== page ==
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Issue 10, 2008
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Diversity of structure, morphology and wetting of plant surfaces

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This review paper presents the diversity of plant surface structures from a single cell to multi-cellular surface sculptures. There is still no comprehensive book which provides an overview of the diversity of plant surface structures. This article presents a guide for the description of cellular and sub-cellular plant surface structures, which include hairs, wax crystals and surface folding. Biological surfaces are multifunctional boundary layers to their environment. Functionally optimized surfaces are one of the key innovations in the more than 400 million years of evolution of land plants. In the plant surface, micro- and nanostructures play a special role, and a large diversity of surface structures exists at different size levels. Well known functional aspects of plant surface structures are the reduction of particle adhesion, the sliding structures of carnivorous plants for insect catching, and the self-cleaning properties of the superhydrophobic Lotus (Nelumbo nucifera) leaves. Their structures and functions might be useful models for the development of functional materials. The surface properties of plants are based on physico-chemical principles and can be transferred to technical “biomimetic” materials, as successfully done for the self-cleaning properties of the Lotus leaves. This article is designed as an introduction for biologists and non biologists and should stimulate the reader to initiate or intensify the study of biological surfaces.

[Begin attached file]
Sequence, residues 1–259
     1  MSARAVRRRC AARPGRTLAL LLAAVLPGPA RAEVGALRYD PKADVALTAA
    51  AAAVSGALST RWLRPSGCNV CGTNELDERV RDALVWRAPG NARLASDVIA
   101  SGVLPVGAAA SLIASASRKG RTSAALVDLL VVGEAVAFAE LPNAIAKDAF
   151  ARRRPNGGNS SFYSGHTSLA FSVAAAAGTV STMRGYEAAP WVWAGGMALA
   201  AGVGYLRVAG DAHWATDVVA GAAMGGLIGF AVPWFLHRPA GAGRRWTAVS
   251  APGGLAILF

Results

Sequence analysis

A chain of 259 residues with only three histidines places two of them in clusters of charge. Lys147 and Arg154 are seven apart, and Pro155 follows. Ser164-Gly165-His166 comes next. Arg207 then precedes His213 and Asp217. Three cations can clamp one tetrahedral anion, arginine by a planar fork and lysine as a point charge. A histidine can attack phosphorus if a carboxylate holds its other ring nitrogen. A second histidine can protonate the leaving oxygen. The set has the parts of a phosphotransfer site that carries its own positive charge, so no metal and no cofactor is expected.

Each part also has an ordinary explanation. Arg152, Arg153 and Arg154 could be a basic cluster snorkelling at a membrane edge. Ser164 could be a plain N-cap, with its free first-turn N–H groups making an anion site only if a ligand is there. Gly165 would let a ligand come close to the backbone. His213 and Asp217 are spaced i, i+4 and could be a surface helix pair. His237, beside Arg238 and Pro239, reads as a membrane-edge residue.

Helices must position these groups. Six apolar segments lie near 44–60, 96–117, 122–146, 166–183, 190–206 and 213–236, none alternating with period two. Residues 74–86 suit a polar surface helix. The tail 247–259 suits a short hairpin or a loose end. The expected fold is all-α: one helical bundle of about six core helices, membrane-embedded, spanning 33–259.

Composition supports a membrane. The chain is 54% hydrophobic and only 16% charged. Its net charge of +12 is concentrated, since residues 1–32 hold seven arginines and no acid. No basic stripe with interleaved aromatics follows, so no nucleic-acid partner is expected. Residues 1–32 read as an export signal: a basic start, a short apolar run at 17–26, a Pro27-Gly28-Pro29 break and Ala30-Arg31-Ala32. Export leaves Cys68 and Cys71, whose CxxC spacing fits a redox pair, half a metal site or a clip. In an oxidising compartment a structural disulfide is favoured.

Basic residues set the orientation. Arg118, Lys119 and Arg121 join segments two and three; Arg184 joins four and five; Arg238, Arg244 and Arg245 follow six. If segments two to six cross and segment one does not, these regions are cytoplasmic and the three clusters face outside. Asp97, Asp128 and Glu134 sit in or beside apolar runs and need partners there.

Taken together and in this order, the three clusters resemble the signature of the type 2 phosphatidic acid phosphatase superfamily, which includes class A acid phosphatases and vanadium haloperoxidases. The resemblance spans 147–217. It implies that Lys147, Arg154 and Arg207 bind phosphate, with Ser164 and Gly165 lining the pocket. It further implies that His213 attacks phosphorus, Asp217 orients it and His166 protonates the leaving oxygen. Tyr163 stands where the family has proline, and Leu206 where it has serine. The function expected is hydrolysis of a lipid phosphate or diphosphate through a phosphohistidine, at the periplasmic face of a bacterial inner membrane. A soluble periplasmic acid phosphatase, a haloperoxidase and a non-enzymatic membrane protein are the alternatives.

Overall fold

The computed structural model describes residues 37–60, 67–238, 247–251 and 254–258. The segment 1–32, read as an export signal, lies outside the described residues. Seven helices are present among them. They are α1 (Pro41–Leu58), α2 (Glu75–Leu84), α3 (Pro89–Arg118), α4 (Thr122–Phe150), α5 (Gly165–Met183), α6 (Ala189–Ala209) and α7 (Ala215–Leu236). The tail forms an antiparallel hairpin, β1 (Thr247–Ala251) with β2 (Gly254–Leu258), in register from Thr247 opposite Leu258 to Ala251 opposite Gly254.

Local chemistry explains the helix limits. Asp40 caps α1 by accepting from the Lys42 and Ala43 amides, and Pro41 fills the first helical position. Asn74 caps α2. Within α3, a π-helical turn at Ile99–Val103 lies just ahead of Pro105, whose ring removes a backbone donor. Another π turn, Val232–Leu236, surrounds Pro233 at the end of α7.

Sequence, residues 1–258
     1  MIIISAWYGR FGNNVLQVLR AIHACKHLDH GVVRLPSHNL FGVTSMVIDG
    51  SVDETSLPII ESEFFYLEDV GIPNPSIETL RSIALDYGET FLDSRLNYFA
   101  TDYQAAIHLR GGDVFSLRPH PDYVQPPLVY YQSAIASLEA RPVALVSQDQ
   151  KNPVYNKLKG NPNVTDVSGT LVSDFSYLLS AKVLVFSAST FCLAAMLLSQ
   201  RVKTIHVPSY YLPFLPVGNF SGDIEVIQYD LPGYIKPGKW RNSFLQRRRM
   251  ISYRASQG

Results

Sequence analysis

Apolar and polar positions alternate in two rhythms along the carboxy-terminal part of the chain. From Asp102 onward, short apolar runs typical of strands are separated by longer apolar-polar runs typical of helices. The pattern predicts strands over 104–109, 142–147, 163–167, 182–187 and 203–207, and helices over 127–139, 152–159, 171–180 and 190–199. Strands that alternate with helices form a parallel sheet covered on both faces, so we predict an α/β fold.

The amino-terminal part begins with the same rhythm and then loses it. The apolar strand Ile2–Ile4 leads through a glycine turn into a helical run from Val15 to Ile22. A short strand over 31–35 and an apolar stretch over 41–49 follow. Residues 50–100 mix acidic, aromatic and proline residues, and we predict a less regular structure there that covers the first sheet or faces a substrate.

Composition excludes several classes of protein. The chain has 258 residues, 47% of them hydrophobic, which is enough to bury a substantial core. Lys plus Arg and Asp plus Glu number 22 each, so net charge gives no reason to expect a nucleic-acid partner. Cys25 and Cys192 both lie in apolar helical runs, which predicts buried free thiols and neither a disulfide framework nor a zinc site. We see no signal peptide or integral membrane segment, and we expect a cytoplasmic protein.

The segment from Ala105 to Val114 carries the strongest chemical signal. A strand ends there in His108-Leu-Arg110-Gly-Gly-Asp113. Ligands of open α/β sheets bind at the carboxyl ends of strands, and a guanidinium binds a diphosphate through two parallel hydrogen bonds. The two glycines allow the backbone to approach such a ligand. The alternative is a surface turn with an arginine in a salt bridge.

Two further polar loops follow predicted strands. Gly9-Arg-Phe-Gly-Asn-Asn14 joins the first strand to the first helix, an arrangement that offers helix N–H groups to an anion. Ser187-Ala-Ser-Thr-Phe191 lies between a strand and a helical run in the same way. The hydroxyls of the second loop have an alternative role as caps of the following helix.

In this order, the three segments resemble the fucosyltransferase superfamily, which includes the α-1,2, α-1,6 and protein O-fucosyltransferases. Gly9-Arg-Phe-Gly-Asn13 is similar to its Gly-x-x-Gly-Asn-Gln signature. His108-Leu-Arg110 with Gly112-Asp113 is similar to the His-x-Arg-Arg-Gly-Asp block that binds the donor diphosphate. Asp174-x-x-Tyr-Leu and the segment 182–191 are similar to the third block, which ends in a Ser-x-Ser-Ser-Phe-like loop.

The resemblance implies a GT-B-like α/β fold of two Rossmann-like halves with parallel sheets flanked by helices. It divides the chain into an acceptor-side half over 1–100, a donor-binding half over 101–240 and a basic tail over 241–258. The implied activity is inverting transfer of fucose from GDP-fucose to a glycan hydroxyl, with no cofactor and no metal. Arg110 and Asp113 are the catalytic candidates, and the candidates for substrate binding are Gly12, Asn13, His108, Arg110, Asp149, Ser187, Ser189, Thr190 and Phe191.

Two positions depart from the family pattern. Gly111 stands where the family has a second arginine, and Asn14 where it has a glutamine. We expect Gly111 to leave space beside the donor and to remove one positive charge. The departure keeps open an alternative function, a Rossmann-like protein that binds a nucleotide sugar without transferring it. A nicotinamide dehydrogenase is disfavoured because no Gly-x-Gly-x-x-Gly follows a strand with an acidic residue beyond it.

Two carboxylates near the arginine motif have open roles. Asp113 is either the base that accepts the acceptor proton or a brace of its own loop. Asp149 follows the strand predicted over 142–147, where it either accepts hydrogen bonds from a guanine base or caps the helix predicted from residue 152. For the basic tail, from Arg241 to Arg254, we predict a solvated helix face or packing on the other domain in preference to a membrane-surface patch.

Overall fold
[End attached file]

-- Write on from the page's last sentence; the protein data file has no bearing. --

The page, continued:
Graphical abstract: Diversity of structure, morphology and wetting of plant surfaces

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Publication details

The article was received on 26 Mar 2008, accepted on 13 May 2008 and first published on 28 Jul 2008

Article type: Review Article
DOI: 10.1039/B804854A
Soft Matter, 2008,4, 1943-1963

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    Diversity of structure, morphology and wetting of plant surfaces

    K. Koch, B. Bhushan and W. Barthlott, Soft Matter, 2008, 4, 1943
    DOI: 10.1039/B804854A

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